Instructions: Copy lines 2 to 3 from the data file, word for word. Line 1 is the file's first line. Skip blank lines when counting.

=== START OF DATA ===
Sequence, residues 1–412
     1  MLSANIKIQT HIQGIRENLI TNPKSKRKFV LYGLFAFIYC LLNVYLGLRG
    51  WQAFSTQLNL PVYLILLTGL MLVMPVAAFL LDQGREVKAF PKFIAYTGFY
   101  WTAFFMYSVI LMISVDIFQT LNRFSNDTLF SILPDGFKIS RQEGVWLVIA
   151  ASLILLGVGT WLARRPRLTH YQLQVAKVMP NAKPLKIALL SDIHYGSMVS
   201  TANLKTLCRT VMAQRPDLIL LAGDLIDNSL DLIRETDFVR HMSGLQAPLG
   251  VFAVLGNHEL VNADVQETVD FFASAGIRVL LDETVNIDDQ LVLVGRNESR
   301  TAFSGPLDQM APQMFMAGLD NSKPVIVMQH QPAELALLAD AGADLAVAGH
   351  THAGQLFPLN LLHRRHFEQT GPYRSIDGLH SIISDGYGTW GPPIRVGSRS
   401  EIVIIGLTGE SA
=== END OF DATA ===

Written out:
     1  MLSANIKIQT HIQGIRENLI TNPKSKRKFV LYGLFAFIYC LLNVYLGLRG
    51  WQAFSTQLNL PVYLILLTGL MLVMPVAAFL LDQGREVKAF PKFIAYTGFY